|Oracle9i Application Developer's Guide - Advanced Queuing
Release 1 (9.0.1)
Part Number A88890-02
Performance and Scalability, 2 of 4
Queues are stored in database tables. The performance characteristics of queue operations are similar to underlying database operations. The code path of an enqueue operation is comparable to
INSERT into a multicolumn queue table with three IOTs. The code path of a dequeue operation is comparable to
UPDATE operations on similar tables.
Oracle Real Application Clusters can be used to ensure highly available access to queue data. The tail and the head of a queue can be extreme hot spots. Since Oracle Real Application Clusters may not scale well in the presence of hot spots, limit normal access to a queue from one instance only. If an instance failure occurs, messages managed by the failed instance can be processed immediately by one of the surviving instances.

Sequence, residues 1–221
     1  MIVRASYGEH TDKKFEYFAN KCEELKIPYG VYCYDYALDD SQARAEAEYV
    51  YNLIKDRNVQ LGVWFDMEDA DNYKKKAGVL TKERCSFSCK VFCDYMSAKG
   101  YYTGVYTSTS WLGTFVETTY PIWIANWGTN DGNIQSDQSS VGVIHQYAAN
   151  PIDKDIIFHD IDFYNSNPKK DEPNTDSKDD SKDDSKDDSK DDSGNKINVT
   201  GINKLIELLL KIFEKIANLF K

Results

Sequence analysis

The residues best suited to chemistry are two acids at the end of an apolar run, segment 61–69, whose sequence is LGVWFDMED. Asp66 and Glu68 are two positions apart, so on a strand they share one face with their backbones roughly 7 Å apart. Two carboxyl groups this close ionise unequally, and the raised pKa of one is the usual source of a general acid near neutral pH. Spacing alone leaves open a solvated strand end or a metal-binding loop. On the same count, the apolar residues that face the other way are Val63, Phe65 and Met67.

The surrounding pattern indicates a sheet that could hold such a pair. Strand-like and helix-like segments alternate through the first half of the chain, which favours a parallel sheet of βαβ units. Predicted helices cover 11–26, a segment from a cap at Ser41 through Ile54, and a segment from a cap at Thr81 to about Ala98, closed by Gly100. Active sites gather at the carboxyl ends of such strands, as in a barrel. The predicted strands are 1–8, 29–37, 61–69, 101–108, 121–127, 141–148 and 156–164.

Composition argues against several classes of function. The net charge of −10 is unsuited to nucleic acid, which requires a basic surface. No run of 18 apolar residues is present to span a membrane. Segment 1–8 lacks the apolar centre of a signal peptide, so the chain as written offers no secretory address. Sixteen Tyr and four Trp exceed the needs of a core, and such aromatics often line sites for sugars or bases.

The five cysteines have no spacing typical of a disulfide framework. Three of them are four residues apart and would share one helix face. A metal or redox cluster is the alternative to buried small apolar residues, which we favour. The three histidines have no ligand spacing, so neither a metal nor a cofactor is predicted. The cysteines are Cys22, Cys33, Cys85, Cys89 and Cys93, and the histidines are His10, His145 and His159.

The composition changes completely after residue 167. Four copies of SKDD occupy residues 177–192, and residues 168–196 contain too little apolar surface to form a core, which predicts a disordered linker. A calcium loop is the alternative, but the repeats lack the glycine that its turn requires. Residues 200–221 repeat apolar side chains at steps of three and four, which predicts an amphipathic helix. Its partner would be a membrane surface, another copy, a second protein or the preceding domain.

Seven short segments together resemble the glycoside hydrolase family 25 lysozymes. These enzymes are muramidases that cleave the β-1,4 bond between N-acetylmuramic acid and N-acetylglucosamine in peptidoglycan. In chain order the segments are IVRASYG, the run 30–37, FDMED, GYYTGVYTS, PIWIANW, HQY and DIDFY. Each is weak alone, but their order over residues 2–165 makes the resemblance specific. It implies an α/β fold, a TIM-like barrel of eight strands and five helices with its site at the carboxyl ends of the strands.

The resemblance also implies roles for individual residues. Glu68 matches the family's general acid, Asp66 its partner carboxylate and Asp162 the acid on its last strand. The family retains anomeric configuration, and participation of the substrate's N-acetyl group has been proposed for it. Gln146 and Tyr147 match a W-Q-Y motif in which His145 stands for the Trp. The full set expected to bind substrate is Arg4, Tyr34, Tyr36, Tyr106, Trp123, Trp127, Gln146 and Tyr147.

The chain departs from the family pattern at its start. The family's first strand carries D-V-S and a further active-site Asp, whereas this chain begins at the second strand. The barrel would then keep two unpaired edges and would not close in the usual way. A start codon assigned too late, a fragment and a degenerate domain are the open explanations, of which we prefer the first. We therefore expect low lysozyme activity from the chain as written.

Queue operation scalability is similar to the underlying database operation scalability. If a dequeue operation with wait option is issued in a shared server environment, the shared server process will be dedicated to the dequeue operation for the duration of the call, including the wait time. The presence of many such processes can cause severe performance and scalability problems and can result in deadlocking the shared server processes. For this reason, it is recommended that dequeue requests with wait option be issued via dedicated server processes. This restriction is not enforced.